Often times, Unity would show up at the same events that Hitler was at. Rumors say that she was sleeping with SS officers just to get information on Hitler’s whereabouts. One account states that ‘Her bed, draped with swastika flags and surmounted by iconic images of the Fuhrer, was the altar devoted to her messiah, on which she gave her body to those closest to him, his personal warriors.’

On February 9, 1935, Unity finally got her wish. Hitler invited her to join him at his table. While the two only spoke for a half an hour, she made an impression on Hitler. According to her diary, they met once a fortnight. The liaison lasted until September 1939.


The friendship between Unity and Hitler appeared to be platonic, until one evening there was champagne and candles awaiting Unity in Hitler’s apartment. This was the moment Unity was hoping for. She believed that he was attempting to seduce her; however, Hitler asked her about the sex she had with his SS soldiers. Unity was surprised that he knew about the encounters, however she took the inquires as interest and arousal on his part. After the retelling of the stories, Hitler demanded that the encounters continue and Unity was to re-tell him the erotic sessions.

It was through these intimate moments did their morbid fantasy develop. Taking a cue from the Norse legend, Valkyrie was described to be an immortal female who decided who would live or die during battles. The Valkyrie would then bring the dead to Odin’s Kingdom of the Dead.

Hitler likened himself to Odin and Unity would portray the Valkyrie.  Through this tale, Hitler convinced Unity that they could only be together in death. The notion was encouraged by the Count Janos Almasy, a bisexual Hungarian aristocrat. Almasy would become Unity’s partner in a particular savage sexual encounter.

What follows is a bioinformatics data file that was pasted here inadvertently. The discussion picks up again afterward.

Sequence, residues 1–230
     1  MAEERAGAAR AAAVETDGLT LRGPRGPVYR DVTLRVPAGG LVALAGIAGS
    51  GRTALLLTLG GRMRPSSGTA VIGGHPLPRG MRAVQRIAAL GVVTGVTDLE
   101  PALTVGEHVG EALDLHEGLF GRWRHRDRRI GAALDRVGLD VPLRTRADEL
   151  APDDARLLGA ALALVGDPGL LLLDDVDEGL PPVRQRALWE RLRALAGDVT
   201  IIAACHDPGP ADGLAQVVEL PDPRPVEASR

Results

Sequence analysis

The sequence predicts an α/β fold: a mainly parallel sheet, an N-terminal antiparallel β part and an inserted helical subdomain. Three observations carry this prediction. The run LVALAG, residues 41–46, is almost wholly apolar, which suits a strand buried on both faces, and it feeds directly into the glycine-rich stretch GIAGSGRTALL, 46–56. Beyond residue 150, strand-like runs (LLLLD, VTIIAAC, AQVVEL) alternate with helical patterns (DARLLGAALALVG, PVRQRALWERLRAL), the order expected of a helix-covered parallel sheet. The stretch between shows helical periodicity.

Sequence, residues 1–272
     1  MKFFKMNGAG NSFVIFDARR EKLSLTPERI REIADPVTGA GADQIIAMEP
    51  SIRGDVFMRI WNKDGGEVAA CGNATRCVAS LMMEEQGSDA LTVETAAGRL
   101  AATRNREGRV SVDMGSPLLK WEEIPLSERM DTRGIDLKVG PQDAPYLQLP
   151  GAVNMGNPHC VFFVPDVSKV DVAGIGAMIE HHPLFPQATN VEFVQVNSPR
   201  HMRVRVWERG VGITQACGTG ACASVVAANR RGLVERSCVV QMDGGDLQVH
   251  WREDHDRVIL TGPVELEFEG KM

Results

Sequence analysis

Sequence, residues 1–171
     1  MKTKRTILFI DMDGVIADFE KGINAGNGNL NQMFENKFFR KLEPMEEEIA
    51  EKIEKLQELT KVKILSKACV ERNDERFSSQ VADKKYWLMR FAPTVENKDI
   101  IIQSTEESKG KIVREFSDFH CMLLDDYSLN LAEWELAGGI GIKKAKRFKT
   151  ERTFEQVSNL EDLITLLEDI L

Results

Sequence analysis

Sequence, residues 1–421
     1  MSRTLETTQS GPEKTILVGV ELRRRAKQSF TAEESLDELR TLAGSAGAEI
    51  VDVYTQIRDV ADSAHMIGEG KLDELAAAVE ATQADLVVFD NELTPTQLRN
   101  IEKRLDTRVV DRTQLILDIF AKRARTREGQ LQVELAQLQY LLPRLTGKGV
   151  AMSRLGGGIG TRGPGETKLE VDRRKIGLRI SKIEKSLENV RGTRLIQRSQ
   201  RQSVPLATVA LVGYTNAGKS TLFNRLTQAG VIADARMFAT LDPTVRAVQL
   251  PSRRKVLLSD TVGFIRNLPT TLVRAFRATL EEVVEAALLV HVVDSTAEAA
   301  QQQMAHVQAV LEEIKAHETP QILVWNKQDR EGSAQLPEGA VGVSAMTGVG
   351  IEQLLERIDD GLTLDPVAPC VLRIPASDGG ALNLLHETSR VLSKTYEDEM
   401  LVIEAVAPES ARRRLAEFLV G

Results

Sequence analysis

Taking place at his castle on the border of Austria and Hungary, the sadomasochistic sexual rendezvous happened. Almasy was much like Hitler and Unity when it came to depraved sex. He enjoyed denying his partners of oxygen during climax. He often achieved this by tying a silk noose around their neck. The experience was meant to be an ultimate sacrifice yet still highly pleasurable.

Hitler, however, was enjoying Unity’s company, and did not know when she should take her own life. The day finally came on August 5, 1939. It is said that Hitler turned to Unity and told her that it was time for her to wait for him “on the other side.”

On September 4th, Unity sat in the park in Munich. With a small pistol in her hand, she shot herself in the head. The gunshot did not kill her though. The bullet was stopped somewhere in the back of her brain.

Hitler arranged for Unity to be taken back to England via a train traveling through Switzerland.

Upon arriving in England, the public was enraged when they learned that the Nazi party consort would not face any charges, nor would she even be interviewed by any security agent.

When Unity recovered, she didn’t show any signs of remorse. It has been said that the thing she regretted was hearing that the war was over and Hitler took his own life.

In her final days, Unity remained unrepentant. She finally died of meningitis in 1948. She died believing that she would finally be reunited with her Odin in the after life.

Evette Champion

Evette Champion is one of the authors writing for WAR HISTORY ONLINE